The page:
Oakwood city officials are considering allowing food trucks, like The Flyby BBQ food truck, to operate on public streets. FILE
Photo: Contributed
Photo: Contributed

Food trucks in Oakwood? New rules could be on the way.

Oakwood Law Director Rob Jacques said that food trucks are everywhere now and residents seem to be in favor of having them in Oakwood.

“I think back 5 or 6 years ago, and I don’t really remember seeing them around — it is kind of a new thing,” he explained. “Oakwood has had an ordinance in place for years that you could not sell anything in the streets, and that has been our basis for saying we really don’t allow food trucks here.”

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Oakwood schools hosted an event at the end of the school year that had food trucks, but officials had a road closed. Other recent events on private property included food trucks. Those events had some residents asking: Why can’t we have food trucks in other parts of Oakwood?

Local resident Cara Heib said she’s glad officials are considering the move and hopes they to see ice cream trucks on the streets as well.

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At Monday night’s council meeting, a pair of ordinances were introduced. One ordinance would create an exception to the prohibition for the “sale of anything in the street” verbiage that is already in the books, and the other establishes the framework that would govern food trucks that want to operate in the city.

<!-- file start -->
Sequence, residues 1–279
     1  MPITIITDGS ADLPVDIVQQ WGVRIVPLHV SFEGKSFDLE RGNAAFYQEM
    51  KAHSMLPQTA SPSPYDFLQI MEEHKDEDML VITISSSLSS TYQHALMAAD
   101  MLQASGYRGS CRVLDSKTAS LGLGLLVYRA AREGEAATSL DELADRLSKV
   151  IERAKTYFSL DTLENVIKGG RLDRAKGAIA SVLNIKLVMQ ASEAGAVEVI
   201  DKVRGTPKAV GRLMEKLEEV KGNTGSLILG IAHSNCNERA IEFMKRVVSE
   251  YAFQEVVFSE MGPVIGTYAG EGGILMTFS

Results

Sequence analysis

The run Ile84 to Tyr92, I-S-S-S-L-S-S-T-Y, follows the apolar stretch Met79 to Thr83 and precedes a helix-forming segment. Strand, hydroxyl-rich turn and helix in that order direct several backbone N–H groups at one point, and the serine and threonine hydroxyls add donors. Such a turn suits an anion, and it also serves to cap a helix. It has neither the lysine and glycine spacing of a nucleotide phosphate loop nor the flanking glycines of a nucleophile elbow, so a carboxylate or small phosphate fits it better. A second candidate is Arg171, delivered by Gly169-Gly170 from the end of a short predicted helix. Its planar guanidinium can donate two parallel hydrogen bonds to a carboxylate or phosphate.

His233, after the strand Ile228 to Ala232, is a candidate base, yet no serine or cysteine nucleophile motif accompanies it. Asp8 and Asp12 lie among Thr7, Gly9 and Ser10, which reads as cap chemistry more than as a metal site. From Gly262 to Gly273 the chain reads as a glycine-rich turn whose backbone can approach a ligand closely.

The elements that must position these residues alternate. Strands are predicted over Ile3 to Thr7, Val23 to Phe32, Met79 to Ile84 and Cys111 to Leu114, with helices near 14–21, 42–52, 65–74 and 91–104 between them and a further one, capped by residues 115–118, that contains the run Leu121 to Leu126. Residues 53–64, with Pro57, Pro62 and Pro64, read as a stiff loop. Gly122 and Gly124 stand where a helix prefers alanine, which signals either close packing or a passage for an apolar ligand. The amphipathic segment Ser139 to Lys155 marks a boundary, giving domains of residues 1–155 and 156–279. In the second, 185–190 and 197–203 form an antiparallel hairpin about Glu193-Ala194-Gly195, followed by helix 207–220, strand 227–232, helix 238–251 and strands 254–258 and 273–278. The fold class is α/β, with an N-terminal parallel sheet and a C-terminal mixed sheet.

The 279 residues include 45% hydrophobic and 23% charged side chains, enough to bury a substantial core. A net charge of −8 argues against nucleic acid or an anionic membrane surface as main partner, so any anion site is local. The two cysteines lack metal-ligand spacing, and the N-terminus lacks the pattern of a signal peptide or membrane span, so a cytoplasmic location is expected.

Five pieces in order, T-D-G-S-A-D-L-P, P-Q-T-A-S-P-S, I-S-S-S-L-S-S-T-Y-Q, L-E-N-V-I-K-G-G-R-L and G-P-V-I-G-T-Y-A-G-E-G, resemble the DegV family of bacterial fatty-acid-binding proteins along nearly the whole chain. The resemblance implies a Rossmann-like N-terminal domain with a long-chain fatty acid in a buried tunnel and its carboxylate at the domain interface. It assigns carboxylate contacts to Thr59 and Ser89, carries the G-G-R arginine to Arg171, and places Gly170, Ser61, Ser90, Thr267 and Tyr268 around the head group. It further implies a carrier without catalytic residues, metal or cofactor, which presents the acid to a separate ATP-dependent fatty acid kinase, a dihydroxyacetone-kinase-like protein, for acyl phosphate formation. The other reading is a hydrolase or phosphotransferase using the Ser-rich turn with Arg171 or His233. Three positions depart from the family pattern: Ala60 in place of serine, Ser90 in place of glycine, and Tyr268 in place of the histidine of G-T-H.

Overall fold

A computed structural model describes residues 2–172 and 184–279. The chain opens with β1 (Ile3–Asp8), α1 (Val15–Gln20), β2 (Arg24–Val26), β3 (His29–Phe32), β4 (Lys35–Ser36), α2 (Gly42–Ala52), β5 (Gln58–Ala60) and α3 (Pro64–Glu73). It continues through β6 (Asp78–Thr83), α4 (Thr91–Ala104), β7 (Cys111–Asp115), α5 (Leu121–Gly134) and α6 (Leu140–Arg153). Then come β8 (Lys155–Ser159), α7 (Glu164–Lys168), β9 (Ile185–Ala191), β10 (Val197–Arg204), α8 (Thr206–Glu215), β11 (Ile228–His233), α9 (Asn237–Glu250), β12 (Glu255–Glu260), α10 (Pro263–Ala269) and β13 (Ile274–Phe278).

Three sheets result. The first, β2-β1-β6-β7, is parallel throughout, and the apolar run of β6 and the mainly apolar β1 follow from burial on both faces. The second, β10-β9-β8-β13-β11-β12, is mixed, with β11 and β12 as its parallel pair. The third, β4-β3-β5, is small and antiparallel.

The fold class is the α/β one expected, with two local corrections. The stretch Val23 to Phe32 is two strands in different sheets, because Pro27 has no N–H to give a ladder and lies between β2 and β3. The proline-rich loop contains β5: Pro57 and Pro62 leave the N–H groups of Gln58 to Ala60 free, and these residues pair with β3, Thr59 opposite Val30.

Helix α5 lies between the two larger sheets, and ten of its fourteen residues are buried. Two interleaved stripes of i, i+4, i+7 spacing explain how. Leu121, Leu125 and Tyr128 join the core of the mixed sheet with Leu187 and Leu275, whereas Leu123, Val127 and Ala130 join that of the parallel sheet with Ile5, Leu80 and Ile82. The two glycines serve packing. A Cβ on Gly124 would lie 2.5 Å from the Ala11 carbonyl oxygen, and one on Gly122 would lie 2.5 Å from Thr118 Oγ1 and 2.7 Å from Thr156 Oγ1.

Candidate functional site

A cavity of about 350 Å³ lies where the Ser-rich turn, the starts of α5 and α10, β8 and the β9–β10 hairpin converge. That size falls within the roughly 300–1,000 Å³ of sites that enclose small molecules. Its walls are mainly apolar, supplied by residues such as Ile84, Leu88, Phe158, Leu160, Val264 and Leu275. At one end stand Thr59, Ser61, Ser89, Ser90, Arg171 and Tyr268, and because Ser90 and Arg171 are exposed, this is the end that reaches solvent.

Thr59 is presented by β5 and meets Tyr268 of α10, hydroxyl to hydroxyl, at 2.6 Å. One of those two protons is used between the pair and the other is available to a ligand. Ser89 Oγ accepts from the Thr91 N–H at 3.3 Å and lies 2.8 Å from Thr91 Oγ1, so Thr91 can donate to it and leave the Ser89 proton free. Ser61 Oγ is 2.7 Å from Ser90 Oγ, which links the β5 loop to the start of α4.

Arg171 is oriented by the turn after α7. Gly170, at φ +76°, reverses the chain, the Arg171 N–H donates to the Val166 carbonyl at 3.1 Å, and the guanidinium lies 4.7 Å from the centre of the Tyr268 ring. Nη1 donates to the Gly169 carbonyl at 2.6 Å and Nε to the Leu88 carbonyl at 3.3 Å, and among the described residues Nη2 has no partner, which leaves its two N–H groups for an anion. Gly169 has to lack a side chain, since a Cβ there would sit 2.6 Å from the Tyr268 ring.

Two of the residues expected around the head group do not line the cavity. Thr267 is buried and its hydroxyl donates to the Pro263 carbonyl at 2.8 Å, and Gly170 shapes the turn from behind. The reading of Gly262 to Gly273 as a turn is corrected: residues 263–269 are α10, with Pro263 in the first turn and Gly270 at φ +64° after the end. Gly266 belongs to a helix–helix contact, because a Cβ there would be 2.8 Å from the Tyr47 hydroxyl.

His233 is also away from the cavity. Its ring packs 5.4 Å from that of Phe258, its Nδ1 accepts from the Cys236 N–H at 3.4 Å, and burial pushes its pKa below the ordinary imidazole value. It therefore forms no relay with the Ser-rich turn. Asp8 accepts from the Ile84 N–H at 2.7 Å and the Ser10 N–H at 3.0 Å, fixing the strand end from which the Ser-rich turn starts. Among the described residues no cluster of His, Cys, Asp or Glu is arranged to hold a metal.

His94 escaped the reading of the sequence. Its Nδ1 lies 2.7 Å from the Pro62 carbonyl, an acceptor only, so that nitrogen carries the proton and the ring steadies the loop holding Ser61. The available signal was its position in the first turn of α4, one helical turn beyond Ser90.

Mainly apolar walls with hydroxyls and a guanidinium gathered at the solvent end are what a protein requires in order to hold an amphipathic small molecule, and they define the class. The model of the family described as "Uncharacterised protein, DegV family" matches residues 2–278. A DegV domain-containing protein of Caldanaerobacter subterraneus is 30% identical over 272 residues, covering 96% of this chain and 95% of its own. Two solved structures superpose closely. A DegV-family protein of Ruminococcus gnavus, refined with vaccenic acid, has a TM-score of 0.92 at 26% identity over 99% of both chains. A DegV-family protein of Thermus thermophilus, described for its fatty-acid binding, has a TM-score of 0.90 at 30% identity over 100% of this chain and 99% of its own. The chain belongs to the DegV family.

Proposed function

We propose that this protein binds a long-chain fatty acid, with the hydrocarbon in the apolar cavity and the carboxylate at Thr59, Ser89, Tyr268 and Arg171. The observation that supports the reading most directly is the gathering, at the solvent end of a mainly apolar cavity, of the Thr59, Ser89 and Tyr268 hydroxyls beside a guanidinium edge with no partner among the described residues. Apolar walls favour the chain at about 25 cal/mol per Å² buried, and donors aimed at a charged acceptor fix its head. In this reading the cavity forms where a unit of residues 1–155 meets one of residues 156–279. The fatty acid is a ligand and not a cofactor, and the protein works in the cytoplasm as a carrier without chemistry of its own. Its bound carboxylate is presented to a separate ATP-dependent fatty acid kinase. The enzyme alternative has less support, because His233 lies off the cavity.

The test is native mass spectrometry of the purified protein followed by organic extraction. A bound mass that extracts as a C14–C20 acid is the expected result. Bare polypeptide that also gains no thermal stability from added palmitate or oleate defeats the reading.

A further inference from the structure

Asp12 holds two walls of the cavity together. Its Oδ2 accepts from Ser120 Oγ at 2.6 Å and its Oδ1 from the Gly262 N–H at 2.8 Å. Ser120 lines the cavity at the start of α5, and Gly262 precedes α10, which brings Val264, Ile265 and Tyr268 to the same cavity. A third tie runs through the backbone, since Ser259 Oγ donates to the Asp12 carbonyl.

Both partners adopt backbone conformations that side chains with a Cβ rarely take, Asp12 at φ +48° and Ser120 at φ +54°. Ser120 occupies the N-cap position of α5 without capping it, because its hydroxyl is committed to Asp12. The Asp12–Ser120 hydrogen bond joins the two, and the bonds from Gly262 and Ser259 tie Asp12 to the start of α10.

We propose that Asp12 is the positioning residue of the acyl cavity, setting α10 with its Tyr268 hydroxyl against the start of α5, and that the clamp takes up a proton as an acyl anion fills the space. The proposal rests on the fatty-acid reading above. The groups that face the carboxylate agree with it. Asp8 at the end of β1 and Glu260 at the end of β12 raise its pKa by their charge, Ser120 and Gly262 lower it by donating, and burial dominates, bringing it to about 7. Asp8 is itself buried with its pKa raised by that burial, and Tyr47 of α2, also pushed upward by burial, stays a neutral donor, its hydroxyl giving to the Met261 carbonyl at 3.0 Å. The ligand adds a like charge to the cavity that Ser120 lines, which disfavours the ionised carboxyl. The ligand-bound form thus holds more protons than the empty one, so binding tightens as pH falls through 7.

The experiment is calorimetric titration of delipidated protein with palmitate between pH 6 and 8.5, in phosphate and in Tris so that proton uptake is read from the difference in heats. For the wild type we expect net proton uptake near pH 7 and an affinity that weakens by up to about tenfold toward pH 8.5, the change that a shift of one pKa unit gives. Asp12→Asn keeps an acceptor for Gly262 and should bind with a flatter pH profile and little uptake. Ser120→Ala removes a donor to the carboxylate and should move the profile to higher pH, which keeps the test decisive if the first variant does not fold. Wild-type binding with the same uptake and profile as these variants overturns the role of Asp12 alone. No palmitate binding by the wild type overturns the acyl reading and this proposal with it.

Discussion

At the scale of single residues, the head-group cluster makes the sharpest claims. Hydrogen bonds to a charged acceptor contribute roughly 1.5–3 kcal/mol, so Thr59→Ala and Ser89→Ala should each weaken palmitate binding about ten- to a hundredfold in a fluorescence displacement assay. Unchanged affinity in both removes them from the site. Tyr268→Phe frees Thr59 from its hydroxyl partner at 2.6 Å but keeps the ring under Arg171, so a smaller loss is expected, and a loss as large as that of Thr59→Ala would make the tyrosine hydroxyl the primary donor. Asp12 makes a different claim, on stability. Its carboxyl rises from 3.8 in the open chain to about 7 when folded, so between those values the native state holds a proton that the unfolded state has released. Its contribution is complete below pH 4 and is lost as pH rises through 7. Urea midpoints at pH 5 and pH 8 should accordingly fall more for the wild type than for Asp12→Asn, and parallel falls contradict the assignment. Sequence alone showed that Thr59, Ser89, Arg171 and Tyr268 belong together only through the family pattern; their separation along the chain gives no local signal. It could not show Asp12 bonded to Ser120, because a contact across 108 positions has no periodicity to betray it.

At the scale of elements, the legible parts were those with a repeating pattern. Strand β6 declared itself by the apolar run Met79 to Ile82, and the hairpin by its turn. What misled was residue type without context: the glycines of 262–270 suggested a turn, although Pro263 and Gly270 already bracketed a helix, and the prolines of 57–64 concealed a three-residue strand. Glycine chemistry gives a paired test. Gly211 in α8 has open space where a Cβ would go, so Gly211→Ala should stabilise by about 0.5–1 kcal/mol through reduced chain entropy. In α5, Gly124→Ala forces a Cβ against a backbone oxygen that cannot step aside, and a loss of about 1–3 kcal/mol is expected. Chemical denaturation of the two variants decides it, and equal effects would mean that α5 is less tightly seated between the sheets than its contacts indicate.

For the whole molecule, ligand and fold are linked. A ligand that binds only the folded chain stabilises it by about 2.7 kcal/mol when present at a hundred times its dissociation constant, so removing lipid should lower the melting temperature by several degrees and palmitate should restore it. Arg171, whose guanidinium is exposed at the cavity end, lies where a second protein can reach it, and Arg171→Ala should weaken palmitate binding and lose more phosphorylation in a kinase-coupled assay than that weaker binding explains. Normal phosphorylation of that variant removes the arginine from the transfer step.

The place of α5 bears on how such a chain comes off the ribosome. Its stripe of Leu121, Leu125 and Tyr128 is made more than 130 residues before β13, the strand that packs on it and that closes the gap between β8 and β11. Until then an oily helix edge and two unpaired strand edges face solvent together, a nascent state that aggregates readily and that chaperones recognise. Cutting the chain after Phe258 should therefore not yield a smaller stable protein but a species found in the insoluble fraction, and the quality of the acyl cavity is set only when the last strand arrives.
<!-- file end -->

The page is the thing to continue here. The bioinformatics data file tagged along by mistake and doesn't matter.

“Our ordinances are largely modeled on ones that are already in effect in other cities and are working well there, so we are sort of taking the me-too approach,” Jacques said.

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Oakwood’s charter requires two readings for an ordinance unless counsel waives a second reading, which they didn’t do on Monday.

“On July 16 there will be a second reading of each ordinance, and council will likely vote that night. If they are passed, it would become effective 30 days after that. So in mid-August is when we would be able to say we will have a law in the books allowing food trucks, so vendors would be able to come here and request a license,” Jacques said.

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He said the city is not looking to gain additional money from adding food trucks.

“The revenue stream aspect is something that we are not looking at,” he explained. “We want to make sure we know who is coming to town and setting up. We want to make sure they have the proper license and inspection. We want the citizens to feel comfortable knowing who is operating the food trucks in our streets.”

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